I worked as a teacher in KY and therefore the SS I had earned prior to my teaching job was cut by about 2/3. My husband who never worked for a government agency and paid into SS for 30 years died this year. They cut the amount of his SS I received as surviving spouse by 2/3. This seems extremely unfair as he paid into the system for 30, or more years, never worked for government. Why am I again being penalized through my husbands benefits? The 2/3 is a close estimate, definitely more than 1/2.
I'm sorry for your loss.
It sounds like 2 separate provisions are involved in your case. One is the Windfall Elimination Provision (WEP) which would only affect the retirement benefit rate payable on your own record. The other provision affecting your benefits is the Government Pension Offset (GPO) provision, which only affects your widow's benefit.
Here's an example to illustrate how these provisions would be applied in a case similar to yours. Say Jane is eligible for a monthly teacher's pension of $1200 based on earnings that were exempt from Social Security taxes. Jane is also eligible for Social Security retirement benefits based on her other earnings which were subject to Social Security taxes and her primary insurance amount (PIA), which is equal to her full retirement age (FRA) rate, is $800, However, if Jane is drawing both her Social Security retirement benefits and her teacher's pension, the WEP provision would cause her benefit rate to be calculated using a less generous formula (https://www.ssa.gov/planners/retire/wep.html). In Jane's case, WEP would likely reduce her PIA from $800 to roughly $400. So, if Jane is drawing her teacher's pension and files for her Social Security retirement benefits at FRA she'd receive a monthly rate of $400.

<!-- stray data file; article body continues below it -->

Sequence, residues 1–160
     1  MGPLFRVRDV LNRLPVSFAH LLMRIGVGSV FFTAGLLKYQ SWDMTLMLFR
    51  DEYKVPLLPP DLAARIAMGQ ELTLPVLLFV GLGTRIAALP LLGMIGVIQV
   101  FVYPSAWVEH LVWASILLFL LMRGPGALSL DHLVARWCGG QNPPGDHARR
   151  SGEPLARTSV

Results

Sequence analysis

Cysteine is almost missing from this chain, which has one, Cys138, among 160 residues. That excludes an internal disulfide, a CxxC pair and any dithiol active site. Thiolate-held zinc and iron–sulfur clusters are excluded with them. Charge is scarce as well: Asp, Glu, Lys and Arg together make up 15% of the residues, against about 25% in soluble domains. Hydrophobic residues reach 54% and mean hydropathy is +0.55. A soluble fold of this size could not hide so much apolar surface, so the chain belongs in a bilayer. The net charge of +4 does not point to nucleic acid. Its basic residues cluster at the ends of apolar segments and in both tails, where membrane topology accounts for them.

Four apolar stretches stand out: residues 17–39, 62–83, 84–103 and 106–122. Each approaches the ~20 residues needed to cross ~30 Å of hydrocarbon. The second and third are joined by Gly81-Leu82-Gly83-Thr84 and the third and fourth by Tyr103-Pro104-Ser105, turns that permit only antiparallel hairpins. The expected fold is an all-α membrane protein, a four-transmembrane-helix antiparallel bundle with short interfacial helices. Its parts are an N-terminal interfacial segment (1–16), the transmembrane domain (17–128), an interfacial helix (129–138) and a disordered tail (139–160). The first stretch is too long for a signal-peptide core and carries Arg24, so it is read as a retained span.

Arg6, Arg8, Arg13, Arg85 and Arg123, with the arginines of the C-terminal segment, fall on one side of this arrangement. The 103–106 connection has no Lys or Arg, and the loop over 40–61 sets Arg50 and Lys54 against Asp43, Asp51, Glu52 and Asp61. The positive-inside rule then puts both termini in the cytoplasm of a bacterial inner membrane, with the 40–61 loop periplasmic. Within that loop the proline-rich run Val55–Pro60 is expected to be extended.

Continuing our example, say that Jane's husband started drawing his benefits at his FRA and dies after Jane reaches her FRA. Jane's husband's PIA was $2000, so Jane's widow's benefit rate would be calculated by subtracting her PIA from her husband's PIA, which in this example would be $1600 (i.e. $2000 - $400). However, due to the GPO provision, 2/3rds of the amount of Jane's teacher's pension (i.e. $800 or 2/3rds of $1200) would be subtracted from her widow's rate, reducing her net widow's benefit rate to $800. That benefit would then be added to Jane's retirement benefit to give her a combined monthly benefit rate of $1200.
Note however that if Jane's PIA wasn't affected by WEP and she was receiving $800 on her own record, she would still receive a combined rate of $1200. Her widow's rate would then be $400 (I.e. $2000 - her PIA of $800 - 2/3rds of her $1200 teacher's pension), which would then be added to her own $800 benefit rate. Thus, once Jane becomes entitled to higher widow's benefits the WEP reduction no longer has any net bearing on her total benefit rate.
So, assuming that your husband's benefit rate was higher than your own and you're FRA or older, you should be receiving roughly his full rate minus 2/3rds of your teacher's pension. Congress's reasoning for passing the GPO provision is explained in the following Social Security publication: https://www.ssa.gov/pubs/EN-05-10007.pdf.